15 Facts and Statistics on Cocaine Use in Canada
- Mandy Sandhu
- 1 Sep 2021
Cocaine, also known by its street name “coke,” is one of the most notorious substances that lead to drug addiction. This article lists down 15 of the most critical facts and figures about cocaine use in Canada.
Keep on reading to learn more.
1. Cocaine Is Made from a South American Plant
Cocaine is an illicit drug made from coca leaves (Erythroxylum coca), a tropical shrub indigenous to South America. A part of the rich culture of the Andean nation, coca is widely cultivated and consumed as herbal medicine, a sacred element in spiritual rituals, and as energy sustenance for the working class. While it’s common to see them brew and enjoy it like a slightly indulgent cup of chamomile tea, the coca leaf is classified as illegal as cocaine in Canada and other parts of the world.
2. It’s a Potent Drug That Can Cause Overstimulation
Stimulants are a classification of drugs that speed up the communication between the brain and the body. Cocaine is a powerful stimulant that spikes a person’s energy levels, confidence, alertness. Abusing cocaine can cause overstimulation, potentially leading to aggression, anxiety, paranoia, panic attacks, or seizures.
3. Cocaine use in Canada is Second Highest in the World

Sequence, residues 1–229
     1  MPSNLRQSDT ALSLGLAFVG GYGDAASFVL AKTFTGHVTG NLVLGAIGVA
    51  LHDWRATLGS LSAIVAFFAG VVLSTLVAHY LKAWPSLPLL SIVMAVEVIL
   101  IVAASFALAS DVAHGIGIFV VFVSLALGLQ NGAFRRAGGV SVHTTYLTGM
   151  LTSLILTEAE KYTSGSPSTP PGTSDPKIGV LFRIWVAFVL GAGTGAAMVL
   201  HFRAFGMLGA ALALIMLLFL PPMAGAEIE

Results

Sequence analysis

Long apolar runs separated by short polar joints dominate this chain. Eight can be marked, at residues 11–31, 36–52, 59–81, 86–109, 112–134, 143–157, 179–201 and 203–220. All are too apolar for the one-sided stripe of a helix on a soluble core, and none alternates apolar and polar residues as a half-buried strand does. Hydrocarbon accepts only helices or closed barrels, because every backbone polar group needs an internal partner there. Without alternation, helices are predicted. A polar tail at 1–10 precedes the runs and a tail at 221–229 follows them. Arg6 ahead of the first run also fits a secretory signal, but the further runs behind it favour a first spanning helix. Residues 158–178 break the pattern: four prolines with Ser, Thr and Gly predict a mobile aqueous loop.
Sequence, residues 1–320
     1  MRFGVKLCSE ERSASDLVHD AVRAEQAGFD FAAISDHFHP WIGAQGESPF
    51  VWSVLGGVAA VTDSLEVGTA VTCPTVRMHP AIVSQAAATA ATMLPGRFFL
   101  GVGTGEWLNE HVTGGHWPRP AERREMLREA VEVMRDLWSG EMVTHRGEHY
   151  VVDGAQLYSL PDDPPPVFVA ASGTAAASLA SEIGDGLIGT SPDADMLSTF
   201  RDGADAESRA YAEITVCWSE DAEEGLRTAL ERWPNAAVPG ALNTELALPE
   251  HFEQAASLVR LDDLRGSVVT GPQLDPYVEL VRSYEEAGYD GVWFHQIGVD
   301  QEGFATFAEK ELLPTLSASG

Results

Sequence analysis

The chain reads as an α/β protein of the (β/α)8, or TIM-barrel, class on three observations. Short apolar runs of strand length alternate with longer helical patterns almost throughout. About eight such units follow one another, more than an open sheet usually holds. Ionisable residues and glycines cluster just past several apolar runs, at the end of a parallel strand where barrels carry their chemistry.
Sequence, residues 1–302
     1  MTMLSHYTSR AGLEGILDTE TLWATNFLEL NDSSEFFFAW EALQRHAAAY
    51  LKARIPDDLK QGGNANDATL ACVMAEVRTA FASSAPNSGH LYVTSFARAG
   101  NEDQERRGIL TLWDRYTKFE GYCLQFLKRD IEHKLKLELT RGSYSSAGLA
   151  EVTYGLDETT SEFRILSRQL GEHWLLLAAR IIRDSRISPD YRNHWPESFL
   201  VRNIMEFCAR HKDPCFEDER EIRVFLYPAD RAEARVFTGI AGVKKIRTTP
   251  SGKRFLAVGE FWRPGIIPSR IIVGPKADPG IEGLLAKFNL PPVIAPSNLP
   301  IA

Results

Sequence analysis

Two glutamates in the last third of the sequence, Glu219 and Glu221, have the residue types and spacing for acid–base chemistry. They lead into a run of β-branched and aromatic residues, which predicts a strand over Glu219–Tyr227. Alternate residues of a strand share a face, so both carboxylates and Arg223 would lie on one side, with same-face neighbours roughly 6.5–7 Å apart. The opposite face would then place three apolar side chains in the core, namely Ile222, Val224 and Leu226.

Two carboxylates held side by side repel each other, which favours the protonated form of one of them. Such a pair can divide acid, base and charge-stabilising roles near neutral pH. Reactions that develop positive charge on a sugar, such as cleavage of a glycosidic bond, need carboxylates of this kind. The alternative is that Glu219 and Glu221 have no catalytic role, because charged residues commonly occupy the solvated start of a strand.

The Global Drug Survey 2019, led by Dr. Adam Winstock, reveals that Canada ranks second worldwide for cocaine use, next to Scotland. Data was collected from 130,000 people in 23 countries globally and surveyed 1,960 Canadians about how many days they used cocaine in the last 12 months. The results showed that Canada has the second-highest median number of 10 days compared to the global average of six days a year.
4. It’s Sold Cheap in Canada
The low price point can be considered as one of the primary drivers of cocaine use in Canada. Despite being categorically known as the most expensive illicit substance across the world, cocaine only costs $85 per gram in the country compared to the global average of $120.
5. Cocaine Is a Schedule I Drug
Cocaine use in Canada is illegal, and it’s, in fact, a Schedule I drug under the Canadian Controlled Drugs and Substances Act. This means that mere possession of this illicit substance can cause you seven (7) years of jail time while trafficking or manufacturing it can lead to life imprisonment.
6. Cocaine Is the Second Most Commonly Detected Illegal Drug in Canadian Drivers